Judy Vorndran [00:37:33] Well, as a P.W. And when I was there and I've grown the salt team, they had a nationwide web of people. So we were housed in Denver. But we work collaboratively and we had national meetings and we had local meetings based on certain jurisdictions. We were taught to be collaborative with the culture. Then when I went to Deloitte, I actually brought that to the firm because they wanted to piggyback on how successful PricewaterhouseCoopers had been. So I was able to be part of that initiative at Deloitte. So they hired me to say, how was BW doing? So kind of kick in our butt in the market? We want to be like them. And I got involved nationally at Deloitte to say we need to build this out. We need to create this network. We integrate this information. We need to create this like portal of information so people don't know where to go because there are people here who do it. So we created that at Deloitte, too. So then I was part of our national group. So I was local because I'm in Denver and unfortunately the body for partners was like three million a year, not one partner in Denver as it's remained on our book of business, I'm sure the market just doesn't allow for it. So you got to go national to get that experience or you got to go to the East Coast. And I didn't really want to relocate, so I went national and worked for our coast sourcing practice. So I traveled all around the country for five years, met with clients from Texas to New York to California to Oregon, Florida, you name it. I went everywhere. I got to see all kinds of business and I got to see how the firm worked at this higher level. And I was able to learn that and understand those businesses and their needs. And the more you listen, the more you're like, OK, well, how can I help? Because you're always trying to figure out how to help you efficiently, quickly and get you the right answer without putting a lot of liability on the firm. And then I go to that regional firm and I'm like, whoa, whoa. I mean, they don't even have an engagement letter that was for consulting. They'd never really written a memo to me. I mean, if anyone did, I never saw many of them. So it's more of a compliance job. So I had to educate them about Nexxus and this and sort of build that platform out. And as you know, Alex, you were part of my team there. I mean, I had 14 people when I left. So in six years, I grew from one to 14 people and even should have been bigger than that. And I was getting pushed back because I think people were upset that I was telling them the law is not what they need to read the law, which they want.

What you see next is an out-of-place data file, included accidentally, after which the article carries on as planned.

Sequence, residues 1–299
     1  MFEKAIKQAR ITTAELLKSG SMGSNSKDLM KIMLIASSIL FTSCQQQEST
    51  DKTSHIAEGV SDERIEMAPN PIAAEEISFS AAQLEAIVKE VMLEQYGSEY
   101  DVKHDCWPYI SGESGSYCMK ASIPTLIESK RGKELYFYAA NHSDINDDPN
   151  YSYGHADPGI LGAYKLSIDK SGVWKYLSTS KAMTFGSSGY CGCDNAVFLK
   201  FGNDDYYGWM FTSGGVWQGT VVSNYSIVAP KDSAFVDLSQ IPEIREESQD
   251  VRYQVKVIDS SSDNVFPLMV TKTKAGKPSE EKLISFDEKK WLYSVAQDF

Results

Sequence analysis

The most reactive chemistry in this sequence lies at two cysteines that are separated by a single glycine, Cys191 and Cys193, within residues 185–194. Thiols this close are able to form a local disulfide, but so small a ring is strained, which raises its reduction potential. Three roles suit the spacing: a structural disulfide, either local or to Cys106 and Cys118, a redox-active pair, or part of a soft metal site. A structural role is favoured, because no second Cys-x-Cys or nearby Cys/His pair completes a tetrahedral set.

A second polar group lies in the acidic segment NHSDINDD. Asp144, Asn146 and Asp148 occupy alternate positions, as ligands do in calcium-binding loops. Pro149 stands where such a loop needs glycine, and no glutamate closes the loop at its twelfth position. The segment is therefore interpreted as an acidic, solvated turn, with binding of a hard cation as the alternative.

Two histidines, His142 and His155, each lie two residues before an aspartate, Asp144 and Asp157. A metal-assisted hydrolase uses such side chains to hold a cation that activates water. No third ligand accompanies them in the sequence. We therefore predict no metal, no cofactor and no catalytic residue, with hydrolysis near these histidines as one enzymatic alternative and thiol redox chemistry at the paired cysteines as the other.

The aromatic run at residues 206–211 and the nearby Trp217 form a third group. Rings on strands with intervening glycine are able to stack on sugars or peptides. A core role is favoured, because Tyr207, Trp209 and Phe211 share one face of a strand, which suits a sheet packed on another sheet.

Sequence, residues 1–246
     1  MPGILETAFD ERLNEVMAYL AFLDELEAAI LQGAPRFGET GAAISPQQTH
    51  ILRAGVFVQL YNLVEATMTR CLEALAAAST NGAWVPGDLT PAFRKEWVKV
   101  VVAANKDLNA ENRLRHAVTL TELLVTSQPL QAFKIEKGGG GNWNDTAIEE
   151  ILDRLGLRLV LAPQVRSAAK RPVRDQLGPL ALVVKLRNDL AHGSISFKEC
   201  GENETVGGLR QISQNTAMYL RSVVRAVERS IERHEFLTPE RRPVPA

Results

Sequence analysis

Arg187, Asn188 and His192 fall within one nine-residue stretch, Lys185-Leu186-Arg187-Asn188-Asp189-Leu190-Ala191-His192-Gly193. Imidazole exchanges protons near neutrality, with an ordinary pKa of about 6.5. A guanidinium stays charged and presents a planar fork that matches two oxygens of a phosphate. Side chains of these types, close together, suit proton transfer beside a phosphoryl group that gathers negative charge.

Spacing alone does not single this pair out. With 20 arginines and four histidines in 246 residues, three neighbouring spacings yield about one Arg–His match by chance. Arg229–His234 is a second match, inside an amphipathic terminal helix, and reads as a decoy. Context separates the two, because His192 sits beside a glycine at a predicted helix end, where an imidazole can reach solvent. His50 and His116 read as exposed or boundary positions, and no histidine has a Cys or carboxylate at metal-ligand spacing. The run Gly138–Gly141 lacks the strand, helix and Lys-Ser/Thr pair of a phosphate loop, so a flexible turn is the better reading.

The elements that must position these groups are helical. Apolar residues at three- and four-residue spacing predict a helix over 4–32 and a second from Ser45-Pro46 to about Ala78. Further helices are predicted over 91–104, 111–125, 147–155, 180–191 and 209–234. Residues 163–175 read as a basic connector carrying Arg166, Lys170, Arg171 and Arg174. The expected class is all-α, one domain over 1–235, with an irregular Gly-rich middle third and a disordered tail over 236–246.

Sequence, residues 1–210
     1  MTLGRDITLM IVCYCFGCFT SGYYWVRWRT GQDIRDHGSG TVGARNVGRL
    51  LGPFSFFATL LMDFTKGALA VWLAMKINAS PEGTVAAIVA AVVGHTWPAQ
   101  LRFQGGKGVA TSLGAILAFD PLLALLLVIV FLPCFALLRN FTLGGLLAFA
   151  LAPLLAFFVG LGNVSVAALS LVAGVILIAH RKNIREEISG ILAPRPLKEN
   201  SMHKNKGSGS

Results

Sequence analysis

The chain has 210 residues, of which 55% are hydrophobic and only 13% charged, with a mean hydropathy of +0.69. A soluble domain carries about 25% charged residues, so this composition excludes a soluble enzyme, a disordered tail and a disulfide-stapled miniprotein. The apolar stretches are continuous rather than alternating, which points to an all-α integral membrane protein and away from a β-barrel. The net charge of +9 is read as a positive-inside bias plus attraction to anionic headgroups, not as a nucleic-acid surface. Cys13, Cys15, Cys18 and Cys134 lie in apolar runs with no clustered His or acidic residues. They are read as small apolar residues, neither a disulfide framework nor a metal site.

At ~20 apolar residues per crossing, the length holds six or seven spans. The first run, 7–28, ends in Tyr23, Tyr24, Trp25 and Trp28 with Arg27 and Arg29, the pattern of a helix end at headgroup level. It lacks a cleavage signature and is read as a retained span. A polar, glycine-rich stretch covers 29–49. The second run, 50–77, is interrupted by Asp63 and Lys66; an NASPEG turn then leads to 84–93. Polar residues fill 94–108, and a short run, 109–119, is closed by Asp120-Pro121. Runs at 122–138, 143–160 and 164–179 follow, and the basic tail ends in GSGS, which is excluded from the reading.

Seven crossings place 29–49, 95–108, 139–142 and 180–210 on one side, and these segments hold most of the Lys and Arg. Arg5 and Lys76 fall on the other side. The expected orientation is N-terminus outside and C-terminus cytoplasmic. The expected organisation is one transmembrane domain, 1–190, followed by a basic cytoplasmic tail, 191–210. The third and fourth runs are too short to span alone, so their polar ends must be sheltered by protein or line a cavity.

Meredith Smith [00:39:45] So then kind of on that token, kind of as kind of we we wrap and this is something that's incredible about you, is that your ability to pick up, move and start again and have that nonrecurring business and whatnot and really kind of you're a business owner, right? Like you are the sole partner of the tax outsole. So for people and maybe even women in particular, starting their own business or wanting to. What advice would you give them to someone who's done it and has done kind of it multiple times?